As you can see, the birds were quick to use the new feeder!
I had the soaker hose going in the garden while I did this, and spent the rest of the evening moving the sprinkler around every half hour or so, for the evening watering. While checking on the sunflowers and sweet corn, I found proof of what nibbled on the sunflowers!
This hoof print was in the row of corn nearest the nibbled on sunflowers.
The deer managed to step right on a new pea sprout!!
I could see several other hoof prints through that corn bed, which really made me wonder how the garden cam’s motion sensor missed it! Well, if we get any other visitors in there tonight, I hope the new location will be better to catch the critters!
There are very few, so far, but it was nice to see some bigger green beans have developed.
I also checked on the sad purple peas. They aren’t as small or as chewed on as the green peas, but they certainly aren’t doing well. The plants aren’t being eaten, but the few pods are! Amazingly, we are still seeing pea flowers. With so little growth, the peas aren’t climbing their trellises as they normally would, but some of the purple peas are long enough that I would wrap them around the vertical twine. Much to my surprise, I found a couple of pods.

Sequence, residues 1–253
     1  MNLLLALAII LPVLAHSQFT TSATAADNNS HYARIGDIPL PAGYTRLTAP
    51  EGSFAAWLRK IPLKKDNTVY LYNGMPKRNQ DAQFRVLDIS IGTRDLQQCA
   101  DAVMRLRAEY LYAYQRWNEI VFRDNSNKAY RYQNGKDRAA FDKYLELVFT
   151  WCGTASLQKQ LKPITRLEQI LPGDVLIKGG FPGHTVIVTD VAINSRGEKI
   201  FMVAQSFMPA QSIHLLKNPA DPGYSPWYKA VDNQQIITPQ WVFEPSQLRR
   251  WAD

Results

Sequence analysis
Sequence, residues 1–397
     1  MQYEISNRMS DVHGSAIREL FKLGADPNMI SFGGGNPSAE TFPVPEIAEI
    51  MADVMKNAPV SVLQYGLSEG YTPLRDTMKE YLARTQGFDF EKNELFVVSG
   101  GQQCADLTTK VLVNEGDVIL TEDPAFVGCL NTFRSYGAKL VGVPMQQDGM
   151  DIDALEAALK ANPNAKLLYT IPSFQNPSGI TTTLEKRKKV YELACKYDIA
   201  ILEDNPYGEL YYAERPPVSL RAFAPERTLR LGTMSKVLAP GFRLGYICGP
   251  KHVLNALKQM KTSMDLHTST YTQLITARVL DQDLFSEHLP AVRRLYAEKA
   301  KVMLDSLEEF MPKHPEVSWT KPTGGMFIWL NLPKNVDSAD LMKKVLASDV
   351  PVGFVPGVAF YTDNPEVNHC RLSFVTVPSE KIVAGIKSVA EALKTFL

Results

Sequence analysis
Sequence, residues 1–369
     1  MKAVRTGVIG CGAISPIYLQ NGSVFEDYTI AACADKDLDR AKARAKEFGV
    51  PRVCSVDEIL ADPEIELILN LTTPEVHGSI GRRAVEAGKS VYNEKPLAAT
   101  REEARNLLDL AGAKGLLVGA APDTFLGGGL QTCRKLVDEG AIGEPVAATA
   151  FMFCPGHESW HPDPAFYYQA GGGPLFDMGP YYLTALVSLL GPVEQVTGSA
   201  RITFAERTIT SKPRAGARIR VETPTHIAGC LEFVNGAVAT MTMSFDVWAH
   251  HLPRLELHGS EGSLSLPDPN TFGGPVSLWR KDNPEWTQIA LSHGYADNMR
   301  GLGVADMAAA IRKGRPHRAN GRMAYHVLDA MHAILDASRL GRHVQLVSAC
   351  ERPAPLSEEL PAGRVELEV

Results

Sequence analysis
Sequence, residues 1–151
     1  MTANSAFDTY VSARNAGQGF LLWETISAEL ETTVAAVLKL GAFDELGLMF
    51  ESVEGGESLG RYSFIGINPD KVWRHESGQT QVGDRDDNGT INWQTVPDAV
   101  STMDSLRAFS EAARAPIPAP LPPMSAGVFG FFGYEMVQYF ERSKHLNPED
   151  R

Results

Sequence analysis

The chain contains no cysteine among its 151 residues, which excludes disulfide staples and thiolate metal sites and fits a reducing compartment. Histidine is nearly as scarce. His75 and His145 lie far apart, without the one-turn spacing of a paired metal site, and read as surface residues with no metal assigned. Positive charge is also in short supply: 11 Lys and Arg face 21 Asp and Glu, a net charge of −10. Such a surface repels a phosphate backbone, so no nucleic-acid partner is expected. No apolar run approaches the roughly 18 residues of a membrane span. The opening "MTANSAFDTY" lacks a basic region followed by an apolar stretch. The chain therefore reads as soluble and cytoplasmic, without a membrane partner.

The first one I found had three peas in the pod, and then I found one with a single pea in it.
These can actually be saved to plant next year!
I still have the envelope the King Tut peas came in, so that’s where they are now, and the envelope has been added to the packets of leftover seeds for next year.